I wouldn't want to play his idea of a fun game. 

Spoiler

 

 

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Today the movement is Frankfurt School and their critical theory. Many articles of vice following the mainstream media trying to be radical with social movements that give more power to the socio  liberals.

Sorry for the off topic but this kind media isn't compared with YT or social media. If a mass media have an owner , they protect his / her interest.

https://en.wikipedia.org/wiki/Critical_theory

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One thing I need to agree on with the author though is his criticism of a uniform tech tree... Focusing on the specifics of each culture or civilization to derive specific and unique tech trees from that, is in my opinion a juicier way of visualizing different paths of progress for each civ. Some can be similar to each other, others can diverge wildly. Balance is always the main concern here, I guess, although just giving each tech a civ specific name would already add a more nuanced veneer to the tech tree.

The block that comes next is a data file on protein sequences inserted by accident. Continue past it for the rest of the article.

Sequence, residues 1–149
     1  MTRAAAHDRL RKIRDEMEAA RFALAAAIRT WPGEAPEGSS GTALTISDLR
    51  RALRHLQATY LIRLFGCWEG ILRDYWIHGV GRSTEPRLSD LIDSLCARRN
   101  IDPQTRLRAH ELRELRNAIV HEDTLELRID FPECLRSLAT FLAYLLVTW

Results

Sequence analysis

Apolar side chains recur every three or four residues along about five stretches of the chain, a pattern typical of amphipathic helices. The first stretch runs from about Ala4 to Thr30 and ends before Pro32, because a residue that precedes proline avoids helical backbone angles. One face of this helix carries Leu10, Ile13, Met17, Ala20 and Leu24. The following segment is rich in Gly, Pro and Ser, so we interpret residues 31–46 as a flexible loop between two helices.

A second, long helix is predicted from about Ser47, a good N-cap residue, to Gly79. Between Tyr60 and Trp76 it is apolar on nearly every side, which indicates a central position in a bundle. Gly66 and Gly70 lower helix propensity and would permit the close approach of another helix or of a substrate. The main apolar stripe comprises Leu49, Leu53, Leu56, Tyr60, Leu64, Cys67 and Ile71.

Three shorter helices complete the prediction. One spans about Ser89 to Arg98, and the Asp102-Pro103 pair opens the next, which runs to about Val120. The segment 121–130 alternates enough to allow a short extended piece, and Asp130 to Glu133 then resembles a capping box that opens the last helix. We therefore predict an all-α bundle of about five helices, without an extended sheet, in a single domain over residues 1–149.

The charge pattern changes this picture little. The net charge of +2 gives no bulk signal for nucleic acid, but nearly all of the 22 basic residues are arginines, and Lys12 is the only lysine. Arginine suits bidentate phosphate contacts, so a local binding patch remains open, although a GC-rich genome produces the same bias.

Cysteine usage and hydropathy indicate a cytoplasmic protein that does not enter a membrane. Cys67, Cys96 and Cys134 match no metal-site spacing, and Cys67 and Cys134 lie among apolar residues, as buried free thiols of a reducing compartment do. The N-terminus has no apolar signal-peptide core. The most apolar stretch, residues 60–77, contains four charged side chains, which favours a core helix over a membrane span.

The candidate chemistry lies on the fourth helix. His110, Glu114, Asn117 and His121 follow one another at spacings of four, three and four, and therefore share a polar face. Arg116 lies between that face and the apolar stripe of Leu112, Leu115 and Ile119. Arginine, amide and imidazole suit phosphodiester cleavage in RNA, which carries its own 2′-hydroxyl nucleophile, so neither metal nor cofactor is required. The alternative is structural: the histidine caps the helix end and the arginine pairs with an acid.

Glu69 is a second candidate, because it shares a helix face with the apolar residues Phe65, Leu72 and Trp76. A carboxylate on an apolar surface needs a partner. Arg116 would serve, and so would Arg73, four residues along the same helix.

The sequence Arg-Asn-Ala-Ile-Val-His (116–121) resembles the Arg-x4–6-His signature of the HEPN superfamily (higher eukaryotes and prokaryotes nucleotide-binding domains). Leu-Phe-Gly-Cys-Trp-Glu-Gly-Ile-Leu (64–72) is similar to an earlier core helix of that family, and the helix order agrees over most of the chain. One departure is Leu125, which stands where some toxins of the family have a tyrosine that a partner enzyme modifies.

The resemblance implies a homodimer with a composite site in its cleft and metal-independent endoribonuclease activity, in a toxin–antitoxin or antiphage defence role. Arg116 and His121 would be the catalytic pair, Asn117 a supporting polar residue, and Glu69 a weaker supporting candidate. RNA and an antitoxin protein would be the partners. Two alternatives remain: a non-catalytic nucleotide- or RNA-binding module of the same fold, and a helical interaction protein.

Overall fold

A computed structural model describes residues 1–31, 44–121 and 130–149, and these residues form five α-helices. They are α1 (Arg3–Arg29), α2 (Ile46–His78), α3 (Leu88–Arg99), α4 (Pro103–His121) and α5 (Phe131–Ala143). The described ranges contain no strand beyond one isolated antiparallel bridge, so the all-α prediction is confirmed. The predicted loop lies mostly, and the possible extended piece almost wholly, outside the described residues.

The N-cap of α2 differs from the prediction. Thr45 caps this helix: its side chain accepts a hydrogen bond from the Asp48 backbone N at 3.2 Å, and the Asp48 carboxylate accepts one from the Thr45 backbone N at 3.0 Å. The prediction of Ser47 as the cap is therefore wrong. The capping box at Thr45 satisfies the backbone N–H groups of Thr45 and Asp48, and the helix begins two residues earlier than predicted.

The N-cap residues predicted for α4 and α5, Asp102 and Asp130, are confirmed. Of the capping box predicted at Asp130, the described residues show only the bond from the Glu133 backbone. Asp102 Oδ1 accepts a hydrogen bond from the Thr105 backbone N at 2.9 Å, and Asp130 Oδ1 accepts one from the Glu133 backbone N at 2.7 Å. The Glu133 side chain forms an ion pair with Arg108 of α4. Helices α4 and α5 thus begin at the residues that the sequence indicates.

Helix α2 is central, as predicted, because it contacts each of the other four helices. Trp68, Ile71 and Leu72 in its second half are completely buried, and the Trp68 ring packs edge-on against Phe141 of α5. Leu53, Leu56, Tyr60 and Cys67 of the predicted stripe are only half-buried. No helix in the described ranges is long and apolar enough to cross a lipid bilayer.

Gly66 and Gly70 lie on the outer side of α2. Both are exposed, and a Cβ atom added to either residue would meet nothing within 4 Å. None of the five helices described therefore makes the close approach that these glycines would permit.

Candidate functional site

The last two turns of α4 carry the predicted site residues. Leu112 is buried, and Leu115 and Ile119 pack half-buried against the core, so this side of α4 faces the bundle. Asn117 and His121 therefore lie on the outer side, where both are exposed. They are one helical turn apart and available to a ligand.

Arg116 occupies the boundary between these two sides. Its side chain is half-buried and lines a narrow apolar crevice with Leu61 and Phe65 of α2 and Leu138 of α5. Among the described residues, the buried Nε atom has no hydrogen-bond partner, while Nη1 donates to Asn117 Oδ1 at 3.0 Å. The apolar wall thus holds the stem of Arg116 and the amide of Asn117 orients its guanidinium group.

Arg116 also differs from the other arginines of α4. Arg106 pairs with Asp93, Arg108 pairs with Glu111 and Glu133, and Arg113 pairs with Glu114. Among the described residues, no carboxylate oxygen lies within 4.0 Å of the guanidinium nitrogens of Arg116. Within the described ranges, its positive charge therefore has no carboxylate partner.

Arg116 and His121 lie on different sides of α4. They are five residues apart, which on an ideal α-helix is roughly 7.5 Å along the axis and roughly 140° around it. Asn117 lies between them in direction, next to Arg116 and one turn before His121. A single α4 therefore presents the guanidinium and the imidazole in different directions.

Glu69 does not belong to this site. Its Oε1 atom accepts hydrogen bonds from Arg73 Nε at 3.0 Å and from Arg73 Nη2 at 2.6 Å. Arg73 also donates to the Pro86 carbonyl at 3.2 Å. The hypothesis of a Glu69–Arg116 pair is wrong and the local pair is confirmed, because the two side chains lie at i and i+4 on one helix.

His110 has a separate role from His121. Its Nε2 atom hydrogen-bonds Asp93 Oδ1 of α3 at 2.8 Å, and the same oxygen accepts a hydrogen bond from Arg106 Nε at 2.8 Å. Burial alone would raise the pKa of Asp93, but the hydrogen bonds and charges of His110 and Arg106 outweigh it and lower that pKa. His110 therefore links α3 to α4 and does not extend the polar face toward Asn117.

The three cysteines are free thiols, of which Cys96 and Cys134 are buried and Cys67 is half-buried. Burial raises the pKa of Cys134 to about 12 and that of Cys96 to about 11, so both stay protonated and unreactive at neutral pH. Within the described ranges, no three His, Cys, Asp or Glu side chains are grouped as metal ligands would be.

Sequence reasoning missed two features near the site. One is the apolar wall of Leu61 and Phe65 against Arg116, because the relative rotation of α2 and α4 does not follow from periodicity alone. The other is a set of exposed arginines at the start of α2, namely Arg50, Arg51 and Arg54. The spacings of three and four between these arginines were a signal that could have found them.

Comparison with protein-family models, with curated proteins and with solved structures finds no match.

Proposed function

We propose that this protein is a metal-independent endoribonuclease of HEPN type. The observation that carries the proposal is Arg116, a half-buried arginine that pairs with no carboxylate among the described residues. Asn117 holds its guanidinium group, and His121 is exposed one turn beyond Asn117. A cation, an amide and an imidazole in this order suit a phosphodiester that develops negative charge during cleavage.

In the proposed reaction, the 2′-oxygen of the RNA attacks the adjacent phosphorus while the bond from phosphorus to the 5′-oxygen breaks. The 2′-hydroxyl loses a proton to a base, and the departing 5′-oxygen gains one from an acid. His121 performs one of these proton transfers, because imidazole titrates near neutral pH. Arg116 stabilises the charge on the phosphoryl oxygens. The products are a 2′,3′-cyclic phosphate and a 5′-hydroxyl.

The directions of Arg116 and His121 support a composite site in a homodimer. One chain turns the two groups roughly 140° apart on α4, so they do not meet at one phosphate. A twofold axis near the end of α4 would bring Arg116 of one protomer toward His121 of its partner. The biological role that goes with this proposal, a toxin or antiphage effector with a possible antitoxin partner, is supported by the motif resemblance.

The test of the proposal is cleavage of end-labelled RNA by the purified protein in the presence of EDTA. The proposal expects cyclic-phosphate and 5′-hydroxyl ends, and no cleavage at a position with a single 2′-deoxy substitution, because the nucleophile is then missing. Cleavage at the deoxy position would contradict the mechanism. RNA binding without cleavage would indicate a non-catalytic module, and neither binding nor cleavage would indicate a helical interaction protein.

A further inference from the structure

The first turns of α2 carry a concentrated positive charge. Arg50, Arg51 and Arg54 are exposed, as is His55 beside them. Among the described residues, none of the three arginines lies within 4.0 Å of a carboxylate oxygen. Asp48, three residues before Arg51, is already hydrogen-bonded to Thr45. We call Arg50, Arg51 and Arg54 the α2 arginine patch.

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I don't really follow your critique of Guns, Germs, and Steel, Sundiata.  Simply speaking, the book explains the decisiveness of particular technological advancements that allowed for europeans to defeat significantly larger forces in battle and effectively subjugate empires that were sophisticated on their own right and then explains a lot of the factors required to develop such advancements.  The topic is straightforward, and the author doesn't diverge.  There were impressive advancements to be found in the Americas that are worth study, but those were largely unrelated to the thesis and were not addressed.  How is this a problem concerning historiography is baffling to me. 

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I know Vice has a bad reputation but this article is far from being horrible.